13. A great book- I couldn't put it down. Rosalind Cartwright is a sleep scientist who is able to explain the research in a way that is approachable and also entertaining. There is much about sleepwalking - the people who do it, what they do, and the research that shows what is actually going on. She postulates that the night mind has the task of keeping us on an even emotional keel when awake, and that dreams in particular have at least two functions: integrating the emotional experiences of the da [...]

    14. It's rare to read a book by an expert who is also a good writer. Cartwright, clearly devoted to her research, respects it by not hitting the reader over the head with repetition or esoteric information. She pulls out relevant, interesting examples to highlight the topics outlined in the chapters and explains them in a clear, entertaining manner. Here is an extremely readable book about a subject that is complex and enigmatic, and which science has helped to explain. This book makes you respect t [...]

    15. A good introduction to sleep research with a main focus on the role of dreams in emotion regulation. Very well written, with evidence from clinical research and enough science in it to understand the basis of how scientists have figured things out and why they claim certain things. Definitely would recommend to someone who is not a fan of pop science books and likes real facts rather than anecdotal evidence and analogies. 5/5!

    16. this book completely surprised me. I expected to take a good month to get through it, but I finished in just under a week. Rosalind Cartwright presents information in such an easy to follow manner. My only minor complaint is that this focused so much on dreaming. I found the sections on depression and insomnia the most intriguing, in large part because they're what I personally struggle with. Regardless, this was a great, great read.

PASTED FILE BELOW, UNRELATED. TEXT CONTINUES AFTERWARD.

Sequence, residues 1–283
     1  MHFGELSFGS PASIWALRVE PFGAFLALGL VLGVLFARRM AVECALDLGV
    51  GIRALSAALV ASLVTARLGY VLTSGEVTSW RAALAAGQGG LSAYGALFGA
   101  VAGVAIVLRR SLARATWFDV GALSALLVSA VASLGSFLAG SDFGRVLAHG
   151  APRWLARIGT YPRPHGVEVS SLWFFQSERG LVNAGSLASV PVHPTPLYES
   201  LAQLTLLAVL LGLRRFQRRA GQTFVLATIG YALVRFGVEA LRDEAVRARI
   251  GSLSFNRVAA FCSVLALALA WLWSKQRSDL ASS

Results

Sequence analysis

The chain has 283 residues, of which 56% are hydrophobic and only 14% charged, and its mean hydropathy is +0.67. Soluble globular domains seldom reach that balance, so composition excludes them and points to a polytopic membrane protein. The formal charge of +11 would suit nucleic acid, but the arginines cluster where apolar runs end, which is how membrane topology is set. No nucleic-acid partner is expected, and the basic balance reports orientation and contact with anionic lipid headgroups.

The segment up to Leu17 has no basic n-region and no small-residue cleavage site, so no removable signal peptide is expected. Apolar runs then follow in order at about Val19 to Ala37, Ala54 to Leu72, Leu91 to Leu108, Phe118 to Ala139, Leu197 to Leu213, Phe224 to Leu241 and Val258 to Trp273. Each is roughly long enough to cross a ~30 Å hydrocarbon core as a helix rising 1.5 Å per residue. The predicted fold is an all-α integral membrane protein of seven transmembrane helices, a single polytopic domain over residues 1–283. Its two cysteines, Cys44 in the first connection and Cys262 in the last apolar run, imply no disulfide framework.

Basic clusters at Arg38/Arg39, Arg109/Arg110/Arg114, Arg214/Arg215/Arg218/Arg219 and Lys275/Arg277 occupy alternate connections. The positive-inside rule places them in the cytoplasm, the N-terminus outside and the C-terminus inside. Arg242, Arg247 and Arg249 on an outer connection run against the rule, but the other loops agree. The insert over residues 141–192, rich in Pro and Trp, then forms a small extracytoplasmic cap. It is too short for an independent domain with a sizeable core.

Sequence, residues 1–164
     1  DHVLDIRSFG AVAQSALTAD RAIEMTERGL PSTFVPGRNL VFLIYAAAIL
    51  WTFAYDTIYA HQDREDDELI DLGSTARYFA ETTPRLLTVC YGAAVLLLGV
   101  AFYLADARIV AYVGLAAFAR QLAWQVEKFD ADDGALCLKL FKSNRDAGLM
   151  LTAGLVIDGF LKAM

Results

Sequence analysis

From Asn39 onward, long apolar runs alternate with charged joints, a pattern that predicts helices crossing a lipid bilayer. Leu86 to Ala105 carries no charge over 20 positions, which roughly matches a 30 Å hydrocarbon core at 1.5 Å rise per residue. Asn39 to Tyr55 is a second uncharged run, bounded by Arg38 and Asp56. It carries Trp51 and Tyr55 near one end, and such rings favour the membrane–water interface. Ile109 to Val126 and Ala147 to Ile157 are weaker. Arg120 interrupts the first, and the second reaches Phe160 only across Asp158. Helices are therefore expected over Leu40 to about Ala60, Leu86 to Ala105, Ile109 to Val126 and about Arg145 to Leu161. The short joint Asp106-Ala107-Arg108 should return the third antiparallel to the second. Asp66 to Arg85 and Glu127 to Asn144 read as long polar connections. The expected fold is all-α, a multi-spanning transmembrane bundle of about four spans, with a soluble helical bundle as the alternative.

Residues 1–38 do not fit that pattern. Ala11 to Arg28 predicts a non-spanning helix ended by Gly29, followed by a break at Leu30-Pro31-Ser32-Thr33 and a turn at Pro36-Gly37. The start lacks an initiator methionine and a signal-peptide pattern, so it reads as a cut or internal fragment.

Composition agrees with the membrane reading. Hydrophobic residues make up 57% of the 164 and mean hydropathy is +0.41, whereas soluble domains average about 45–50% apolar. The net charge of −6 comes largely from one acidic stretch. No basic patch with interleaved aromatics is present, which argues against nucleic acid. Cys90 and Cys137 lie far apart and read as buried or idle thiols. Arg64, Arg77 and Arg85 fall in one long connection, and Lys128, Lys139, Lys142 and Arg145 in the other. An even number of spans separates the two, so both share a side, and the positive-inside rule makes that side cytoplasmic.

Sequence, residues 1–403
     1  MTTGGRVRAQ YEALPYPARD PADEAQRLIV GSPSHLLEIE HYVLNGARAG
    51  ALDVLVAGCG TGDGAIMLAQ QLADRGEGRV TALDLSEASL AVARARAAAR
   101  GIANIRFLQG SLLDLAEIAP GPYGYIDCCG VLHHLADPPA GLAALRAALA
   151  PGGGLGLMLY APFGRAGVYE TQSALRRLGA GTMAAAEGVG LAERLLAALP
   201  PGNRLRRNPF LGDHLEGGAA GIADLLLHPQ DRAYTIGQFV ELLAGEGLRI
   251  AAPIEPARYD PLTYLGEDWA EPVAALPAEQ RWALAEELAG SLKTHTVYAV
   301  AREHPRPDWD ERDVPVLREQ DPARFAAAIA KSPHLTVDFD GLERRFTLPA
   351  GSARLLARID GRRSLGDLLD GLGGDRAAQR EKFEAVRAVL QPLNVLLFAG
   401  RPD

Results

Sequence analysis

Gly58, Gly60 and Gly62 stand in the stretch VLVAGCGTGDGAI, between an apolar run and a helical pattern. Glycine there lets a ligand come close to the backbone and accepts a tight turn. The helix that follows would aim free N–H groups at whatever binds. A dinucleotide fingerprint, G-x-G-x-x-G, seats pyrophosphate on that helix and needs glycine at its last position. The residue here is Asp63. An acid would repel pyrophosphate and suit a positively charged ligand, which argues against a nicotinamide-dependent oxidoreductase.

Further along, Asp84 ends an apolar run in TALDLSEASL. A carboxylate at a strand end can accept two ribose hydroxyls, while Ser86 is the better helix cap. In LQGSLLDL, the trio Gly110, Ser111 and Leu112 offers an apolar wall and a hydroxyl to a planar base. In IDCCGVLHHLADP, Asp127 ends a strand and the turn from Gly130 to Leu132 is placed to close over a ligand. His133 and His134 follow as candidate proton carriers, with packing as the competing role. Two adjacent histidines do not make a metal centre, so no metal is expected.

17. Good, but dryI liked the in-depth understanding of how our minds work, and what we believe dreams are designed to do, but the writing style was tough in parts. The narration of how someone can perform tasks while asleep is incredible, however, and it has really opened my eyes about sleep (pun intended).

    18. Interesting but it seemed primarily focused on parasomnias and sleep walking. i guess those are the best demonstrations of the behavior of the brain during sleep. The atypical behavior shows the normal behavior by contrast. Nevertheless, I was disappointed. I'm not sure what I expected from this book.

    19. This book is great for a trial attorney who has a client with sleep disorders. The book was too clinical for me. I was hoping for more of a layman's review of how the mind works during sleep. I was also hoping to gain some insight into how a "normal" person can improve their sleep patterns. On that basis this book did not deliver for me.

    20. I really liked this book. I love the idea that dreaming is our own in-house therapy session! It was a nice and concise book unlike some of the other pop-sci books I've read recently. There was a little more on sleepwalking than I particularly cared for, especially going into legal cases, but it was mostly valid to build up a picture of both REM and NREM sleep.

    21. This was okay. Maybe it was because I read it as a Blinkist, but some of the claims seemed unsupported, especially that sleep can cure depression. It may be the sort of book you need to chew through, but I think I'm okay without going through it in full.

    22. Another set of adventures for Vicky and Joe in a small Spanish village. If you enjoyed the first book, you'll like this one too. A fun read.

    23. Your 7 times more likely to be fat if you don't sleep muchWe use dreams as a therapy for emotions and feelingsCool stuff. I don't want diabetes and obesity, I'll sleep eight hours thank you lol